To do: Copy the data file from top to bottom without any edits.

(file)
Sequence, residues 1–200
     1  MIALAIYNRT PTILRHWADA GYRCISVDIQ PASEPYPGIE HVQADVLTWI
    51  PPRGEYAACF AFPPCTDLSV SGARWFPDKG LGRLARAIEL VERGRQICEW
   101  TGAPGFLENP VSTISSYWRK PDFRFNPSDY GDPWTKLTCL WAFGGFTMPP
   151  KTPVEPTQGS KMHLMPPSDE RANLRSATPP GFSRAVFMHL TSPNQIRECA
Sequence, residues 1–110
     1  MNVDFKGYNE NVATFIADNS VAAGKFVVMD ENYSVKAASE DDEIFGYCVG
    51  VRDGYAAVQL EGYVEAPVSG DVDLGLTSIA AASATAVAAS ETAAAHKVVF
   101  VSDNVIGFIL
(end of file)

Sequence, residues 1–200
     1  MIALAIYNRT PTILRHWADA GYRCISVDIQ PASEPYPGIE HVQADVLTWI
    51  PPRGEYAACF AFPPCTDLSV SGARWFPDKG LGRLARAIEL VERGRQICEW
   101  TGAPGFLENP VSTISSYWRK PDFRFNPSDY GDPWTKLTCL WAFGGFTMPP
   151  KTPVEPTQGS KMHLMPPSDE RANLRSATPP GFSRAVFMHL TSPNQIRECA
Sequence, residues 1–110
     1  MNVDFKGYNE NVATFIADNS VAAGKFVVMD ENYSVKAASE DDEIFGYCVG
    51  VRDGYAAVQL EGYVEAPVSG DVDLGLTSIA AASATAVAAS ETAAAHKVVF
   101  VSDNVIGFIL